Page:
Complex’s Marc Ecko Talks Digital Media and Death of Demographics

Graffiti artist-turned-entrepreneur Marc Ecko shared some candid opinions about the evolution of media during his fireside chat at the Internet Week New York conference, currently running in the city.

By his reckoning, the traditional ways of understanding and targeting audiences are outmoded. He even described demographics—the usual way marketers parse the public—as dead, except to certain institutions that still lean on such information.

What is rising in its place is an understanding of audience based more on their tastes. “It’s about associations of voice and interest,” Ecko said. “Their interests within style, culture, and music.”

He is the founder of Complex Media, a New York-based media company that publishes a print magazine, online features, and Web-based video shows that feature an array of content about popular culture.

Back in January, Complex acquired movie and television news site Collider. In prior years, Complex acquired hip hop and indie music blog Pigeons & Planes, assembling a diverse mix of content under its roof.

Ecko made his mark in popular culture as the designer and founder of Ecko Unlimited, an urban apparel company now owned by Iconix Brand Group.

The origins and evolution of Complex reflect Ecko’s views on how he believes media needs to change its grasp of the public. He said when Complex magazine launched in 2003, it was born out of his frustration as a media buyer trying to market his apparel brand to consumers.

“If I wanted to be in fashion, I had to go to GQ. If I wanted to buy in skating, I had to go to Thrasher. If I wanted to buy in hip hop, I had to go to Source,” he said. “Why weren’t these conversations being had together?”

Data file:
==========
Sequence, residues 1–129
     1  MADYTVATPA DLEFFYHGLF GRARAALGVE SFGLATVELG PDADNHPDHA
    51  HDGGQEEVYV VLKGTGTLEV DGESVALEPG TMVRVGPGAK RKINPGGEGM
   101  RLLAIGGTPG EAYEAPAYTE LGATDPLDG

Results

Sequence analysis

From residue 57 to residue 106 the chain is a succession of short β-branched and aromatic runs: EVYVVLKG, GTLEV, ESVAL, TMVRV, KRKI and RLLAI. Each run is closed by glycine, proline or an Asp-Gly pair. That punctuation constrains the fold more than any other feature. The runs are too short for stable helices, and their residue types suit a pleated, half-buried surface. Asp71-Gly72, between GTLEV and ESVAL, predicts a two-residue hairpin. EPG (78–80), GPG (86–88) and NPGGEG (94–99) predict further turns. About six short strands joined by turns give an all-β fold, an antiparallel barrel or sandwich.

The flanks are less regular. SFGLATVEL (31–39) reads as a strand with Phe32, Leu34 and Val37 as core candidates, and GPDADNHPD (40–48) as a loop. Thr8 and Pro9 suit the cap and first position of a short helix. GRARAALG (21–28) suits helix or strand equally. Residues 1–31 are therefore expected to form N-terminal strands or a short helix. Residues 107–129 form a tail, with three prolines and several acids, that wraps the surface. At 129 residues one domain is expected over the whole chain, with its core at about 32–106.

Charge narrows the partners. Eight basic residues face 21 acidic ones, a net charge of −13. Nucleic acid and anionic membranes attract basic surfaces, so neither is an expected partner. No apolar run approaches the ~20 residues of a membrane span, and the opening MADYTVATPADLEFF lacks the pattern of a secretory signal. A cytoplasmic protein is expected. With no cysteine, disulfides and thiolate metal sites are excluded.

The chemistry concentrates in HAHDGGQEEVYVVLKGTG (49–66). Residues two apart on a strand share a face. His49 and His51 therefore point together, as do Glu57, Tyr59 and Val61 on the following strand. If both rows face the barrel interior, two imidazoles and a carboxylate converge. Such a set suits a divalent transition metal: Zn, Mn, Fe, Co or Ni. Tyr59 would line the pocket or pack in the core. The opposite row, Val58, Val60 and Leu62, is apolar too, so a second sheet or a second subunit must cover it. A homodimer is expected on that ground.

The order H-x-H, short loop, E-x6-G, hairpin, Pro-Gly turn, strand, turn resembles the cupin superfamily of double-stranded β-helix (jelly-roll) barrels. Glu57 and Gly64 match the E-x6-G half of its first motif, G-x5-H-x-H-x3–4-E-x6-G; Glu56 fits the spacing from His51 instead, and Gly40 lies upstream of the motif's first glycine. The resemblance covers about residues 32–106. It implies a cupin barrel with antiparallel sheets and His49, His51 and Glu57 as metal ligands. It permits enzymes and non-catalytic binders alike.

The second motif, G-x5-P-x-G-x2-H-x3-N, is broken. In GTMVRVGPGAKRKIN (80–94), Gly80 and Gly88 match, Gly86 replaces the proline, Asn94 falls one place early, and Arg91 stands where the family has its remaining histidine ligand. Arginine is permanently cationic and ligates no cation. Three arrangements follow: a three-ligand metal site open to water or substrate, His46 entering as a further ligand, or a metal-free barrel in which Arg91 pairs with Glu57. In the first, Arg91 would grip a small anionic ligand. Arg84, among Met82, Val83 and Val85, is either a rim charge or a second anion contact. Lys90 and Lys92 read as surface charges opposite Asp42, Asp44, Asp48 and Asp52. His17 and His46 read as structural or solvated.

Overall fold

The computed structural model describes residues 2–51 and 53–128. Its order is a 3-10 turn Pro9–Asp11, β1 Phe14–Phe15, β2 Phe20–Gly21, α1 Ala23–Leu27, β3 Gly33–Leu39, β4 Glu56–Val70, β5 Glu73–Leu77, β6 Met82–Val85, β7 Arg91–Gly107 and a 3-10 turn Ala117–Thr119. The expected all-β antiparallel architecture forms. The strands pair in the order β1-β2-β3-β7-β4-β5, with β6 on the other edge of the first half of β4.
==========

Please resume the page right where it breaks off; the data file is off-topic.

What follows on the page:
Rather than force the audience into silos, shaped by demographics, where they would only get one type of content, he created Complex to let people check out their blended interests.

“This cohort that’s into sneaker culture and street wear is also into fashion,” he said. “This mashup of high and low coexists.”

Eschewing demographics was not enough, though, for Complex to remain competitive in the media market. Ecko realized he needed to develop a Web strategy “when the head of sales was going to quit for a digital company.”

Around 2008, he said, Complex began its digital push online, which now has video as a big focus of the company. Filmmaker Spike Lee is an advisor to the company on its video strategy, Ecko said. It has been a sea change for Complex, which was rooted in written content, but one that he said led to the company to finding its own way with online video. “In the last two quarters, we’ve had explosive growth in video on YouTube and off,” Ecko said. “You can’t just do a YouTube-only strategy, it’s about the [intellectual property].”

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